We may divide these fossils into two distinct classes; the one comprising external shells, whose inhabitants resided like the inhabitant of the N. Pompilius, in the capacious cavity of their first or external chamber (PL 31, Fig. 1;) the other, comprising shells, that were wholly or partially included within the body of a Cephalopod, like the recent spirula, (PL 44, Figs. 1, 2.) In both these classes, the chambers of the shell appear to have performed the office of air vessels, or floats, by means of which the animal was enabled either to raise itself and float on the surface of the sea, or sink to the bottom.

It will be seen by reference to PL 31, Fig. 1,* that in the recent Nautilus Pompilius, the only organ connecting the air chambers, with the body of the animal, is a pipe, or siphuncle, which descends through an aperture and short projecting tube (y) in each successive transverse plate, till it terminates in the smallest chamber at the inner extremity of the shell. I shall presently attempt to show how by means of a peculiar fluid, admitted into or abstracted from this pipe, the animal has the the power to increase or diminish its specific gravity, and to sink or float accordingly; as the floating portion of that beautiful toy the Water balloon is made to descend or ascend by means of water forced into, or abstracted from its interior. (See P. 248.)

* The animal is copied from PI. 1, of Mr. Owen's Memoir; the shell from a specimen in the splendid and unique collection of my friend W. J. Broderip, Esq., by whose unreserved communications of his accurate and extensive knowledge in Natural History, I have been long and largely benefited.

The motion of the Nautilus, when swimming, with its arms expanded, is retrograde, like that of the naked Cuttle Fish, being produced by the reaction of water, violently ejected from the funnel (k.)

The position assumed during this operation is that which is best adapted to facilitate its passage through the water, as it places foremost that portion of the shell, which approaches most nearly in form to the prow of a boat. The fingers and tentacula (p, p,) are here represented as closed around the beak, which is consequently invisible; when the animal is in action, they are probably spread forth like the expanded rays of the sea Anemone.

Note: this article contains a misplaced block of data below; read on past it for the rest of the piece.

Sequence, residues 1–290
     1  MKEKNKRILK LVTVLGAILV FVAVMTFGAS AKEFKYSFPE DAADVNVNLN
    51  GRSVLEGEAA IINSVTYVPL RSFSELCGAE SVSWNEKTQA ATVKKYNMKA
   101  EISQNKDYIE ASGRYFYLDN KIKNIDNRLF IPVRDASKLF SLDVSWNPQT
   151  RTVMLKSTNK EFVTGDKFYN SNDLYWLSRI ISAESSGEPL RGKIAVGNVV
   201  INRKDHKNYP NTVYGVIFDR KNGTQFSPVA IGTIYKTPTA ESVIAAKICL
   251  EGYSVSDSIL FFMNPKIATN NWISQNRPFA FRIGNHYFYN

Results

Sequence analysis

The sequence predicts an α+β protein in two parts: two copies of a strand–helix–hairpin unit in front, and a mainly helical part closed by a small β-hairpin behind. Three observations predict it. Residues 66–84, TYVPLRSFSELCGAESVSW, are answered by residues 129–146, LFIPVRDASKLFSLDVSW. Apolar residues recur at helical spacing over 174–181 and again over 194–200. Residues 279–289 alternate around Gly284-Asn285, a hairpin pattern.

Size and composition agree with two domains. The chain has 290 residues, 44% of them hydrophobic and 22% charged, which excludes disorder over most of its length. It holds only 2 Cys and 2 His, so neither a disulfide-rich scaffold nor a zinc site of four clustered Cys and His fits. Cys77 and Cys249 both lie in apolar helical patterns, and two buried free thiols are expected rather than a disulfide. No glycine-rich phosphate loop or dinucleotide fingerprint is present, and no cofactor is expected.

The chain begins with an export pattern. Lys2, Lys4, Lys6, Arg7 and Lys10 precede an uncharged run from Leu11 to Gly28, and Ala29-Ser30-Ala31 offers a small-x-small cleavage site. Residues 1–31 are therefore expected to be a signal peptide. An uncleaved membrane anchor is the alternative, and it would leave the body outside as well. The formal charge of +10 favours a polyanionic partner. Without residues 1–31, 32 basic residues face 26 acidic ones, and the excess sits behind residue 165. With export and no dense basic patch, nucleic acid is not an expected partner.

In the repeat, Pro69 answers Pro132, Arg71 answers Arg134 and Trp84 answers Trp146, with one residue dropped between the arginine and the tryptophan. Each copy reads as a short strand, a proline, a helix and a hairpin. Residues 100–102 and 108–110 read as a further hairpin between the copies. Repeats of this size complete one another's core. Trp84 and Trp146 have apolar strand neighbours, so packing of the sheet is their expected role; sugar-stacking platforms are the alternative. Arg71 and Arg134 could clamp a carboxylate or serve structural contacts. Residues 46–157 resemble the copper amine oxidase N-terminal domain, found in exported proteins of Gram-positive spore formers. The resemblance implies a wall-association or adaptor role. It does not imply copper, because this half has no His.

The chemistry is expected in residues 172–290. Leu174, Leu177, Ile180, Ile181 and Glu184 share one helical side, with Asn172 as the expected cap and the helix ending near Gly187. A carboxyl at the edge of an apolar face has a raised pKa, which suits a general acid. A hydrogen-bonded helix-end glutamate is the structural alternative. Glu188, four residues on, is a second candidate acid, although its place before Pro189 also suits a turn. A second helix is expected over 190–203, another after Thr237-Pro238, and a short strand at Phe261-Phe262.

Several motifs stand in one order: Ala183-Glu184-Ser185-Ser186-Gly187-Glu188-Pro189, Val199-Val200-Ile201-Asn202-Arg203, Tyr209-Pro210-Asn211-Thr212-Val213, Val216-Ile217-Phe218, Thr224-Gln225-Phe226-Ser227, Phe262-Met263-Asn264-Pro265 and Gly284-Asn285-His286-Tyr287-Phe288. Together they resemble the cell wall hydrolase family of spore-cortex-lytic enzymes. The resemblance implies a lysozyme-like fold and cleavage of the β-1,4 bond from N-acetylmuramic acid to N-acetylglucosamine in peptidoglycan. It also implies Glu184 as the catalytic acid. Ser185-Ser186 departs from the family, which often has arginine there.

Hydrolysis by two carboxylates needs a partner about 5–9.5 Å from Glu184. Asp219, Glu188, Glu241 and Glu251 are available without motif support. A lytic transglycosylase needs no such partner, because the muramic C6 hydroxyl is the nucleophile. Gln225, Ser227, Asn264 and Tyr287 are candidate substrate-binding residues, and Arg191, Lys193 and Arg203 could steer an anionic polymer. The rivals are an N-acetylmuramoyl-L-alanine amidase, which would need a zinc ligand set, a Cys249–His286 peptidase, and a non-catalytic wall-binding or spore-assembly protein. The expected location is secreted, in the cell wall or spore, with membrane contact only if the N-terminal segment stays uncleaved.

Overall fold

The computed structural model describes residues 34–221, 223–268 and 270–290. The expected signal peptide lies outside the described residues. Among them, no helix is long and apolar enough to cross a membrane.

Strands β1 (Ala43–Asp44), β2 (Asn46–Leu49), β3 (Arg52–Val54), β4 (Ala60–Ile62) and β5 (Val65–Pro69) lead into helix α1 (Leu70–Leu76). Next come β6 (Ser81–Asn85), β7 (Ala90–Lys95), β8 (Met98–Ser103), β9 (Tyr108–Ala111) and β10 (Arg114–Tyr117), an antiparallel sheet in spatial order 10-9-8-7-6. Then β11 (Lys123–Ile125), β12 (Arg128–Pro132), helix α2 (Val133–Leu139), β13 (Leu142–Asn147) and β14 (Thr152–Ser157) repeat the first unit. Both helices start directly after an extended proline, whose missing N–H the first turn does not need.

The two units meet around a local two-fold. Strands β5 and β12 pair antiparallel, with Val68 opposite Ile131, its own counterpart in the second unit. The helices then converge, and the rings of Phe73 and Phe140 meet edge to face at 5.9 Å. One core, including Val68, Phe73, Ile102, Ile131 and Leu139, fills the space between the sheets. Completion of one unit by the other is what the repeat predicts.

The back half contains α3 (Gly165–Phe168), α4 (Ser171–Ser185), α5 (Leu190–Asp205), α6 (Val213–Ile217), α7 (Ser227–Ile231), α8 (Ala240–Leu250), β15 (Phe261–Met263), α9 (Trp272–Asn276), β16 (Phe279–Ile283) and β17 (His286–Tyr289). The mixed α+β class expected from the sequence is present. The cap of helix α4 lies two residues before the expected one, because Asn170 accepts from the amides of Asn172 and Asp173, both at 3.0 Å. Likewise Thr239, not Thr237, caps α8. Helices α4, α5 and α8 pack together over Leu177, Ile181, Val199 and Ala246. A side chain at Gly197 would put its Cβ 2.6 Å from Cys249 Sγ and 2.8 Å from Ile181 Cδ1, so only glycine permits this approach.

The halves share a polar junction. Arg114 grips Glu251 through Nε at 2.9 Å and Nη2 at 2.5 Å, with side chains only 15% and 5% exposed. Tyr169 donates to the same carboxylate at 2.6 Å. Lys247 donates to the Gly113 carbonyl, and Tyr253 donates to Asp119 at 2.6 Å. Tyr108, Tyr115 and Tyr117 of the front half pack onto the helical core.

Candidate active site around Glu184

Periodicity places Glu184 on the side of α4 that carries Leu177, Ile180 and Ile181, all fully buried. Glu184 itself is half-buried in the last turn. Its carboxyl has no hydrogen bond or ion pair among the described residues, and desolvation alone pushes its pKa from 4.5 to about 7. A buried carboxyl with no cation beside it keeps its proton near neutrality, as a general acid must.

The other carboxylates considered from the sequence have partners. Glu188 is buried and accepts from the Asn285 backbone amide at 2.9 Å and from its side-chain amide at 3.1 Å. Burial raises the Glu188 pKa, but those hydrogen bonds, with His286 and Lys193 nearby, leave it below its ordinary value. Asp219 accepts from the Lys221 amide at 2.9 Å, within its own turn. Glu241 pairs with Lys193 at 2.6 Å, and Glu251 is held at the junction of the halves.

The horny beak of this recent Nautilus (See PI. 31, Fig. 2, 3) resembles the bill of a Parrot. Each mandible is armed in front, with a hard and indented calcareous point, adapted to the office of crushing shells and crustaceous animals, of which latter, many fragments were found in. the stomach of the individual here represented. As these belonged to species of hairy brachyurous Crustacea, that live exclusively at the bottom of the sea, they show that this Nautilus, though occasionally foraging at the surface, obtains part of its food from the bottom. As it also had a gizzard, much resembling that of a fowl, we see in this organ, farther evidence that the existing Nautilus has the power of digesting hard shells.*

* In PI. 31, Fig. 3 represents the lower mandible, armed in front like Fig. 2. with a hard and calcareous margin; and Fig. 4 represents the anterior calcareous part of the palate of the upper mandible Fig. 2. formed' of the

VOL. I. 21

A similar apparatus is shown to have existed in the beaks of the inhabitants of many species of fossil Nautili, and Ammonites, by the abundance of fossil bodies called Rhyncholites, or beak-stones, in many strata that contain these fossil shells, e. g. in the Oolite of Stonesfield, in the Lias at Lyme Regis and Bath, and in the Muschelkalk at Luneville.

As we are warranted in drawing conclusions from the structure of the teeth in quadrupeds, and of the beak in birds, as to the nature of the food on which they are respectively destined to feed, so we may conclude, from the resemblance of the fossil beaks, or Rhyncholites, (PI. 31, Fig. 5—11,) to the calcareous portions of the beak of the Cephalopod, inhabiting the N. Pompilius, that many of these Rhyncolites were the beaks of the cephalopodous inhabitants of the fossil shells with which they are associated; and that these Cephalopods performed the same office in restraining excessive increase among the Crustaceous and Testaceous inhabitants of the bottom of the Transition and Secondary seas, that is now discharged by the living Nautili, in conjunction with the carnivorous Trachelipods.*

Assuming, therefore, on the evidence of these analogies, that the inhabitants of the shells of the fossil Nautili and Ammonites were Cephalopods, of similar habits to those of the animal which constructs the shell of the N. Pompilius, we shall next endeavour to illustrate, by the organization and habits of the living Nautilus, the manner in which these fossil shells were adapted to the use of creatures, that somesame hard calcareous substance at its point; this substance is of the nature of shell.

These calcarcous-extremilies of both mandibles are of sufficient strength to break through the coverings of Crustacea and shells, and as they are placed at the extremity of a beak composed of thin and tough horn, the power of this organ is thereby materially increased.

In examining the contents of the stomach of the Sepia vulgaris, Mid Loligo, I have found them to contain numerous shells of small Conchifera.

* See p. 192.